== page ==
Jackson, WY and Bellingham, WA – Avalanches over the weekend killed three more backcountry skiers in the western U.S., bringing the tally to 10 deaths by avalanche in the past 10 days, according to the Colorado Avalanche Information Center.
Two ill-equipped skiers will killed in the sidecountry adjacent to Wyoming’s Jackson Hole Mountain Resort (JHMR) on Sunday. The pair, confirmed by resort spokesperson Anna Cole to be from out-of-town, died when an avalanche ripped through the Rock Springs area adjacent to JHMR’s boundary.
The pair were skiing with a third member of their party who survived. “It’s upsetting because these folks, because we don’t think they we’re properly prepared for the backcountry,” Cole said. “They didn’t have transceivers and they apparently didn’t know the terrain very well.”
Local skiers are already well aware of the dangers surrounding the Ralph’s Slide path, which broke and washed the two victims over a cliff band, apparently killing both via trauma. The third skier survived by grabbing hold of a tree to keep from getting swept over the cliff.
The victims’ names, ages and home towns have not yet been released.
Sunday’s incident came less than a week after a snowboarder also died in an avalanche just outside Jackson Hole’s boundary. Wes Foster, 30, of Paoli, Ind., also died in Rock Springs on Tuesday on Pyramid Peak. Rescuers with the Teton County Sheriff’s Search and Rescue Team, who were using a helicopter nearby as part of a training exercise, located Foster’s snowboard sticking out of the avalanche debris and quickly recovered his body.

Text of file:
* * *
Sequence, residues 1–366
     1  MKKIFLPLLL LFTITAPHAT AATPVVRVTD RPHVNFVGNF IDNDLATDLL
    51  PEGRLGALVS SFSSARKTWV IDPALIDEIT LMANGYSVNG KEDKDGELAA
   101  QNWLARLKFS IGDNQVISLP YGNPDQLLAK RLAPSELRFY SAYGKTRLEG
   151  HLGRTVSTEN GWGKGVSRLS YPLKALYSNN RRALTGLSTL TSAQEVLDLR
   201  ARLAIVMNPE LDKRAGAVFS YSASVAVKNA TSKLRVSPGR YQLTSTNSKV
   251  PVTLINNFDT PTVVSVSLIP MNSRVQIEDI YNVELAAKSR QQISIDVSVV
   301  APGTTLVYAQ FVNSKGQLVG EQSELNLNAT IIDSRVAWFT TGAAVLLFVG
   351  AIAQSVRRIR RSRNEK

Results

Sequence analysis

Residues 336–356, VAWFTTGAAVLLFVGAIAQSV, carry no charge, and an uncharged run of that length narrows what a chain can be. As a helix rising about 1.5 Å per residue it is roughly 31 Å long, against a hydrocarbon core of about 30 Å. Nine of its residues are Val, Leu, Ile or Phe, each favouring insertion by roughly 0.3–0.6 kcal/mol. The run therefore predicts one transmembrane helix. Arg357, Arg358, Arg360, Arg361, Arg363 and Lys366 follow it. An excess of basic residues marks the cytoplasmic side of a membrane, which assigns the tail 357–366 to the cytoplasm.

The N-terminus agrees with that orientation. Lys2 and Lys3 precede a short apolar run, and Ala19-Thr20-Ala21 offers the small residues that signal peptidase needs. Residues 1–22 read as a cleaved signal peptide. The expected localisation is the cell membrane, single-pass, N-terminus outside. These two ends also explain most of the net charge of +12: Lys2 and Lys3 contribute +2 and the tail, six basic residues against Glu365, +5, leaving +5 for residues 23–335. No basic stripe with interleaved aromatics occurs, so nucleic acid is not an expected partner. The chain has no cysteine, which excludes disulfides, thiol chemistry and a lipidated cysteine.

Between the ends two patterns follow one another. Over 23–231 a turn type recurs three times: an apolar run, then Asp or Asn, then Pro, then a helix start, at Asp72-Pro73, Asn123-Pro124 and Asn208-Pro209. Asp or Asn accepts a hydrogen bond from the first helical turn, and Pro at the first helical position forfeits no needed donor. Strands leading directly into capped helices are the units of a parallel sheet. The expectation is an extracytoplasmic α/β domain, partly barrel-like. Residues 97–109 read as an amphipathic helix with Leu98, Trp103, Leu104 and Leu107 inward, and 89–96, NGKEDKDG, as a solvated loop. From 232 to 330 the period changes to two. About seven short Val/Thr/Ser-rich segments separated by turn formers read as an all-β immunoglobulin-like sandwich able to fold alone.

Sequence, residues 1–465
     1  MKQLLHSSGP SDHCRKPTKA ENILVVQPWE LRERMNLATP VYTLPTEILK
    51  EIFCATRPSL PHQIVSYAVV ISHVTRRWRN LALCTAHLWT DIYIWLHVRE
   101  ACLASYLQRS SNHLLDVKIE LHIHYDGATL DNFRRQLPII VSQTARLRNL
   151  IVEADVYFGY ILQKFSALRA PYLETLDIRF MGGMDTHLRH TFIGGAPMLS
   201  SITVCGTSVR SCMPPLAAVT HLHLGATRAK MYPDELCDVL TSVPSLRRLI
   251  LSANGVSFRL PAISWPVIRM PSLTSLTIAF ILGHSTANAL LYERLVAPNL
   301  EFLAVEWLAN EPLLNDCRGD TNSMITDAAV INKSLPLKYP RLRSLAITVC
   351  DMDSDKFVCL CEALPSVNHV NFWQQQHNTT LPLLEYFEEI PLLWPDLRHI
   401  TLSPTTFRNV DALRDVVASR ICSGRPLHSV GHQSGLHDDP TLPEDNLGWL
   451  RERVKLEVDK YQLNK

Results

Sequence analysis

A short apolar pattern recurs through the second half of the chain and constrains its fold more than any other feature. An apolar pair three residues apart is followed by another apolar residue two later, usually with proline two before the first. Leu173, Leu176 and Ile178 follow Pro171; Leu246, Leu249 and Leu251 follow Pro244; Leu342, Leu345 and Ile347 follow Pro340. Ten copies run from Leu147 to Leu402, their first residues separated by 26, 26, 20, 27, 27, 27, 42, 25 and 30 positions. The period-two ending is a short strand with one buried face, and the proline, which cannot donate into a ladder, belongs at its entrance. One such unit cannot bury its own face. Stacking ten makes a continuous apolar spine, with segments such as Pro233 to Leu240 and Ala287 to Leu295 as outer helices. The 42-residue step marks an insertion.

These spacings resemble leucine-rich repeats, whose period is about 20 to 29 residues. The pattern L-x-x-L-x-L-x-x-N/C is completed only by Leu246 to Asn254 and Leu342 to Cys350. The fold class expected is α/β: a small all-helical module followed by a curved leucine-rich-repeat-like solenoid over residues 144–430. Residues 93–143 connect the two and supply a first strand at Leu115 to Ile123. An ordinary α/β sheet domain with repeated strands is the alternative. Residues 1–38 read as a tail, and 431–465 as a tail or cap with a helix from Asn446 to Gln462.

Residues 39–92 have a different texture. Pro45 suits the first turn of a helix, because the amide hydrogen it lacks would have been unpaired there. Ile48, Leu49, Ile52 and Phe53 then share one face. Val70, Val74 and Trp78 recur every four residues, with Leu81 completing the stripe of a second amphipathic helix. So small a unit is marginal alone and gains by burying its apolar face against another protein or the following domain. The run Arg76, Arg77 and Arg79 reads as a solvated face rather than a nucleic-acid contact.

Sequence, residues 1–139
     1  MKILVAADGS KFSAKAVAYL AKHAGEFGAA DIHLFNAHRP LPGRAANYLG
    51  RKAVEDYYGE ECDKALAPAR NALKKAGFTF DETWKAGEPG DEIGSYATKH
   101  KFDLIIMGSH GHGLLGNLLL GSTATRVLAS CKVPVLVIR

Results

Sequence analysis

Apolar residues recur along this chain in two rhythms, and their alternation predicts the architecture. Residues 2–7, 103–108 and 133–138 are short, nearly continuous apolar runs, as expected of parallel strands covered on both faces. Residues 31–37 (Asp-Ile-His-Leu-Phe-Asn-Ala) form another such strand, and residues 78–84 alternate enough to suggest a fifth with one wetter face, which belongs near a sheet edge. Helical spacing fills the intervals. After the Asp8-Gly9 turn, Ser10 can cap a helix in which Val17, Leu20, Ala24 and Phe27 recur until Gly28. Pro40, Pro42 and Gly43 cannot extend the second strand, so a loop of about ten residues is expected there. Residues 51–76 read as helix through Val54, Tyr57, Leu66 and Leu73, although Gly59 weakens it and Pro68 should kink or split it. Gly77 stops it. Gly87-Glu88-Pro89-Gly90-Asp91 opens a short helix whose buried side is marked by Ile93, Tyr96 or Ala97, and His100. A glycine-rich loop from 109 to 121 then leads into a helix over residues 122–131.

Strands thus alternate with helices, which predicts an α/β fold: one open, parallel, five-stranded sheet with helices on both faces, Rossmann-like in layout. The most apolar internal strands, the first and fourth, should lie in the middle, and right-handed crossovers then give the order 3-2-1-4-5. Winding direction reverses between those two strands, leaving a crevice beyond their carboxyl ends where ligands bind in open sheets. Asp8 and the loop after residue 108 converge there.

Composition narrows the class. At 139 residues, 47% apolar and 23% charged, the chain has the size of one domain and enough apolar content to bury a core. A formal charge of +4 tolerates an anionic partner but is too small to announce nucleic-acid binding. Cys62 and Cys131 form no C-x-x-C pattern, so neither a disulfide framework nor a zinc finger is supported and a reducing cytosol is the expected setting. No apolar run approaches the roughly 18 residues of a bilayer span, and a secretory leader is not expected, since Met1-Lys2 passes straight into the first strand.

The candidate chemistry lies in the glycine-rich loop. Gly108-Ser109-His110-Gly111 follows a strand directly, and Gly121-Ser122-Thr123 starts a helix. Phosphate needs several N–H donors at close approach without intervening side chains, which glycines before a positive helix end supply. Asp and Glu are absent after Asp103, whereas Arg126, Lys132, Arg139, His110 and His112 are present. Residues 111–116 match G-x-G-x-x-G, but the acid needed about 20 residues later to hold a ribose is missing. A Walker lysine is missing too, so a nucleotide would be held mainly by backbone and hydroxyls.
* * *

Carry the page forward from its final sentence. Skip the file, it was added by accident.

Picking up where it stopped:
The third avalanche fatality over the weekend occurred on the north face of Mt. Herman, near Mt. Baker Ski Area east of Bellingham, Wash., in a 12:45 p.m. slide that left another skier injured.
The injured victim was airlifted to an area hospital on Sunday with a head injury, while searchers returned to the area today and located the fatal victim, who has been identified as Mark Panthen, 36, of Bellingham.
At press time, the Northwest Avalanche Center had yet to publish their investigation into the Mt. Herman avalanche. They indicate, however, that the two men were caught in a smaller slide when a larger avalanche was somehow triggered. The avalanche danger was rated as “moderate” in the area at the time.